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York, England

It’s the spread that people either love or hate but now Marmite munchers may feel justified as their controversial condiment of choice might be good for their brains. Researchers based in the University of York have claimed that they have identified a possible connection between the consumption of Marmite and the increase of gamma-amino butyric acid (GABA), which is a chemical messenger ordinarily associated with healthy brain function.  Marmite is rich in vitamin B12, encouraging the production of the neurotransmitter that regulates activity in the brain. The researchers reasoned that GABA levels could be increased more efficiently by breakdown in the digestive system rather than consuming GABA itself, as it is not easily passed from the blood to the brain.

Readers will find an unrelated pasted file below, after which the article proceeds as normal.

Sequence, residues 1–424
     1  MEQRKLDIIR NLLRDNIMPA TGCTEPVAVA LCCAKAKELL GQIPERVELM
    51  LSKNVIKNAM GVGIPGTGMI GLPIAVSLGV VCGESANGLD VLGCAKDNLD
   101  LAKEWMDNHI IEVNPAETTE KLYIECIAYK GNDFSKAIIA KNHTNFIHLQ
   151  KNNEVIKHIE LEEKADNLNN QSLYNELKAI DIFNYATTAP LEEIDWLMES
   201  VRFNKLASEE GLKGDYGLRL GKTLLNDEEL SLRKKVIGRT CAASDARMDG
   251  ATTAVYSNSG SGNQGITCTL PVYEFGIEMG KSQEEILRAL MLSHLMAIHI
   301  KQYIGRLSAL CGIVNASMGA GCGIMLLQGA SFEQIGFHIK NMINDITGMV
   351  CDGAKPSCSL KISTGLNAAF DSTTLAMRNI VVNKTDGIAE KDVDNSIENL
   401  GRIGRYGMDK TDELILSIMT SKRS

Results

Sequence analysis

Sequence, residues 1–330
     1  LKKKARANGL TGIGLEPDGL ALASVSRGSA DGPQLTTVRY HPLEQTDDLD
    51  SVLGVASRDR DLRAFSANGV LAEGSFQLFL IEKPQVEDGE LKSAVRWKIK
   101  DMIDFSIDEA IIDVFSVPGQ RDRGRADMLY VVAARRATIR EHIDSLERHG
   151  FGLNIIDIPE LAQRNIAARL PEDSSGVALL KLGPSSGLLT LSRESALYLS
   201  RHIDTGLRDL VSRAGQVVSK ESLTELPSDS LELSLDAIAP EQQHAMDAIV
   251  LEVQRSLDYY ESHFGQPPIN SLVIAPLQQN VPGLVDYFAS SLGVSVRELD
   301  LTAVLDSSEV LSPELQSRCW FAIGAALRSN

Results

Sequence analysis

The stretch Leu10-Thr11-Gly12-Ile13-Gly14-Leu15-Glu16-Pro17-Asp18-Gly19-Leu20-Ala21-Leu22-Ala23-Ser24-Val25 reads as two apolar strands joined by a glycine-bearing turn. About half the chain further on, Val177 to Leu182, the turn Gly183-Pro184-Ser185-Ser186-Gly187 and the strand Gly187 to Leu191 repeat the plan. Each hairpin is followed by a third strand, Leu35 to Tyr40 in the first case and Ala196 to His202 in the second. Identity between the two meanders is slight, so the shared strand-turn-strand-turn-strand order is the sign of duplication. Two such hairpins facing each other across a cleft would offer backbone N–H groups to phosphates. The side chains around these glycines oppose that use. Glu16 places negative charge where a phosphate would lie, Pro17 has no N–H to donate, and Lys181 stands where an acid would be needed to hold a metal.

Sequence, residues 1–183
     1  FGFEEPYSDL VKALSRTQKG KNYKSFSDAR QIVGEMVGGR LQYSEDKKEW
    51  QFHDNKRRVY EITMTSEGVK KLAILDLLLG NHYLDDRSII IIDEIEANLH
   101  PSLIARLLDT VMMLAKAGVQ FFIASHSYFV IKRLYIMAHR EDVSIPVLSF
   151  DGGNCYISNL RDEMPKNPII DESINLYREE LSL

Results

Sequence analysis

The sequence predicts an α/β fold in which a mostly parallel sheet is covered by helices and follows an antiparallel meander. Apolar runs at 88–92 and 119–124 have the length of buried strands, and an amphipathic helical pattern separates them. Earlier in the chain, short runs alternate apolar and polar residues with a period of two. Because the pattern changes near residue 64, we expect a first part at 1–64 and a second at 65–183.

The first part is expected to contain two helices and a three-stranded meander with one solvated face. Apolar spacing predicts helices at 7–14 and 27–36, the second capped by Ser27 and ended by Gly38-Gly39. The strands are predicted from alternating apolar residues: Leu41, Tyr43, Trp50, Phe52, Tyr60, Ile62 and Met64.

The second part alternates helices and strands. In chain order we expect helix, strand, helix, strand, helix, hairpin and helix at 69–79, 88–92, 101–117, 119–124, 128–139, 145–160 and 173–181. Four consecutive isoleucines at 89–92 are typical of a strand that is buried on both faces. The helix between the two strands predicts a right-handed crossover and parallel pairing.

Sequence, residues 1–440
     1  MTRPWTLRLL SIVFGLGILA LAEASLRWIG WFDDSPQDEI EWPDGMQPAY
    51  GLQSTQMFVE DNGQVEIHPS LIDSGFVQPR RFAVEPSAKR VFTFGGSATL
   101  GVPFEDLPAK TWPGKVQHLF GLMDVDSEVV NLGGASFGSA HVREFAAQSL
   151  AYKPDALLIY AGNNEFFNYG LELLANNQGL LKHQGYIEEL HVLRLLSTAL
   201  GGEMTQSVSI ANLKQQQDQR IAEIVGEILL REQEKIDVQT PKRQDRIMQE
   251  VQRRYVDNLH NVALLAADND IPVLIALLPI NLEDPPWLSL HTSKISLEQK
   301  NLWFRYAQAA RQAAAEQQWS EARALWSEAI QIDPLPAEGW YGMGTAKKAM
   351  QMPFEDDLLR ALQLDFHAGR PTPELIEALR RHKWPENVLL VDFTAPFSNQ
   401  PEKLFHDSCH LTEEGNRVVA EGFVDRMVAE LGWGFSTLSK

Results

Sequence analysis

The study, published in The Lancet, included 28 healthy people; half of whom ate Marmite while the others were given peanut butter. Measuring their responses to visual stimuli and their brain activity, they found that the Marmite group displayed a 30 per cent decrease in how the brain responded to visual patterns.  These results are promising for the prevention of overactive neural responses, as these could lead to seizures in extreme cases. They also reveal the role that diet has to play on neural function.